Valentines High School
Valentines High School is a coeducational secondary school and sixth form located in the Ilford area of the London Borough of Redbridge, England. It has approximately 1300 pupils and 93 teachers. Valentines has been a teaching school since 2011, and is a member of the Leading Edge partnership programme. In 2006, it was designated as a specialist school for technology and had technology college status.
|Valentines High School-|
|Motto||Latin: Consequi Magnitudo In Concordia|
In Harmony, Achieving Excellence
|Department for Education URN||102857 Tables|
|Chair of Governors||Mr Andrew Bern|
|Headteacher||Mr Richard Laws|
|Age||11 to 18|
The school was first opened in 1901 as the Park Higher Grade School, a coeducational secondary school, located at the opposite side of Valentines Park from the school's present location. The school had over 600 places and taught Latin and French among other subjects.
In 1929, the girls' wing of the school was moved to a new building on Cranbrook Road and was named Ilford County High School for Girls, a selective grammar school for girls, while the original site became known as Ilford County High School for Boys, which in 1935 moved to its present-day location in Barkingside. In 1977, the school was renamed Valentines High School, and became coeducational, admitting boys for the first time the following year.
In 2007, a new sixth-form building was opened with state-of-the-art physical education facilities including a new astro-turf pitch, tennis courts, sports hall, and drama studio. The sixth-form building currently houses the modern languages, and humanities departments. Following demographic changes to the local area, the school has become very multicultural, with more than 80% of pupils speaking a first language other than English.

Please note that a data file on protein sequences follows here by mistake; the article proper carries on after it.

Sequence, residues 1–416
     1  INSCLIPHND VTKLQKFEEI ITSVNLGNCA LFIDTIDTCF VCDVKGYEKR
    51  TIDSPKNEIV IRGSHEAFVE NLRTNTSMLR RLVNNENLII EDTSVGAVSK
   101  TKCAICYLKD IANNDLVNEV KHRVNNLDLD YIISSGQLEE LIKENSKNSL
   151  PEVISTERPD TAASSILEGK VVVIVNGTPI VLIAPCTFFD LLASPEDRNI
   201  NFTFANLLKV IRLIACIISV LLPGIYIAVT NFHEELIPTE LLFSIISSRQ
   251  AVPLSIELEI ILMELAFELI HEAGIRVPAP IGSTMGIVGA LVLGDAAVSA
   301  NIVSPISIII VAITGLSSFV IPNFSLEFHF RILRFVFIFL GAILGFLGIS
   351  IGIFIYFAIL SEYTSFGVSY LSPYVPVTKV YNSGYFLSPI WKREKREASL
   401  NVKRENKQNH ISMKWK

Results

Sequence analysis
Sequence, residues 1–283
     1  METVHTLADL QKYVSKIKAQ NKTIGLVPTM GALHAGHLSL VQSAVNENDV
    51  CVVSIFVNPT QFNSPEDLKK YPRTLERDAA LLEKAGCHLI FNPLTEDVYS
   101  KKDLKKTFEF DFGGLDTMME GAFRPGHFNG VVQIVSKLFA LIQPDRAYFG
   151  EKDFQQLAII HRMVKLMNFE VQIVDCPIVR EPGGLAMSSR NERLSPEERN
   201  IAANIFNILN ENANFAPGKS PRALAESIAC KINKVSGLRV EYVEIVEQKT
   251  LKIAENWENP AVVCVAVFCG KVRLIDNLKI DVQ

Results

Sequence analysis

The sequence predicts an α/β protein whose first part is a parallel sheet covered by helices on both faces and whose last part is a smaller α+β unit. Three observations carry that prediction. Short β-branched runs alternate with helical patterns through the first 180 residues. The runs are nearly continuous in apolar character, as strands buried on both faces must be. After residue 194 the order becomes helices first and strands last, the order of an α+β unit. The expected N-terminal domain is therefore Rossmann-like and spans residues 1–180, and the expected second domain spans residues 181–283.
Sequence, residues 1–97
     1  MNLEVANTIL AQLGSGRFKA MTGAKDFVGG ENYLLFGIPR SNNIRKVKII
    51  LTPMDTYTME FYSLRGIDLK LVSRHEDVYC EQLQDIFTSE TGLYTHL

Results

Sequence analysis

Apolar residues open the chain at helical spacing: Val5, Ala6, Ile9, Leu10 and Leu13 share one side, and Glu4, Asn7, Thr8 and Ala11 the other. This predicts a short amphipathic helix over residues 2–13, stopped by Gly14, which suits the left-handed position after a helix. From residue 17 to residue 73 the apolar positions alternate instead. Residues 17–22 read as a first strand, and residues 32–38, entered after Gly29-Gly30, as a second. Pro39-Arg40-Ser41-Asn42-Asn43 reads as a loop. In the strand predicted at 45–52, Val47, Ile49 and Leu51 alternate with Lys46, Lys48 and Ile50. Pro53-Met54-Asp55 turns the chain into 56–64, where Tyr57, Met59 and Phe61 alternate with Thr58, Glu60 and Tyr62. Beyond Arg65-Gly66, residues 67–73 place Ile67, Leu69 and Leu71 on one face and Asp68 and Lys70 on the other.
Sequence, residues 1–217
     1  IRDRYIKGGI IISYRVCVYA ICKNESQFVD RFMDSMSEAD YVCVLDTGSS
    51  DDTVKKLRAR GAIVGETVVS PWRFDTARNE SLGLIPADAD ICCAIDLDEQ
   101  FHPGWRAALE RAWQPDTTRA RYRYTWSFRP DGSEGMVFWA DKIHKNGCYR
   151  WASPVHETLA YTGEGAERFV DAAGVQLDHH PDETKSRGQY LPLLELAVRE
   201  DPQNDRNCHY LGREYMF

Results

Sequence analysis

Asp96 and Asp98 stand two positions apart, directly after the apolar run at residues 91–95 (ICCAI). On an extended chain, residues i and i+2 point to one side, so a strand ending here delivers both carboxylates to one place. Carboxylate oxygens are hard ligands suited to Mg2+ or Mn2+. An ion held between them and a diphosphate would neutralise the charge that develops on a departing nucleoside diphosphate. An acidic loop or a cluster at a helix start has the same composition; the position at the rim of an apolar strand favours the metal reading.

The current headteacher, Mr Richard Laws, took over as acting Headteacher in 2014, taking over from Mrs Sylvia Jones, who was Headteacher for over 10 years. The former PE teacher has put an emphasis on "discipline, respect and good behaviour" and considerably reduced the size of the sixth form. Ofsted have not inspected the school since before this change in leadership.
Currently, the school is extremely culturally and ethnically diverse. Over three-quarters of the school's students speak English as an additional language, while the proportion of students eligible for free school meals is above the national average.
The school was last inspected by Ofsted in 2006, when it was graded 'outstanding' in every category. As of 2018, the school has a 'Progress 8' score of 0.75, meaning that it is within the top 5% of schools nationwide for pupil progress, and therefore well above average.
In 2015, 66% of students achieved 5 GCSEs at A*-C including Maths and English, which is well above the national average, and the average within the London Borough of Redbridge, but was the school's worst result for over a decade. For A-level students, the average point score per student was 766, which is below the national average. 3% of students leave the sixth form with less than 2 A-level passes. The attendance rate for 2014-15 was 95.1%, which is marginally higher than the national average. Results have improved since. In 2018, 67% of students achieved Grade 5 or above in English and Maths GCSEs, placing the school in the top-bracket of non-selective schools.
Notable former pupilsEdit
- "Valentines High School - GOV.UK". www.compare-school-performance.service.gov.uk. Retrieved 3 January 2017.
- "Teaching School | Valentines High School". www.valentines-sch.org.uk. Retrieved 3 January 2017.
- "Ofsted Reports - Valentines High School". reports.ofsted.gov.uk. 5 November 2010. Retrieved 3 January 2017.
- "The borough of Ilford | British History Online". www.british-history.ac.uk. Retrieved 3 January 2017.
- dabluelaser (25 September 2009), Valentines High School on BBC News, retrieved 3 January 2017
- "Values & Ethos | Valentines High School". www.valentines-sch.org.uk. Retrieved 3 January 2017.
- "Obituary: Nina Bawden; author who wrote as beautifully and intelligently for children as she did for adults". www.scotsman.com. Retrieved 3 January 2017.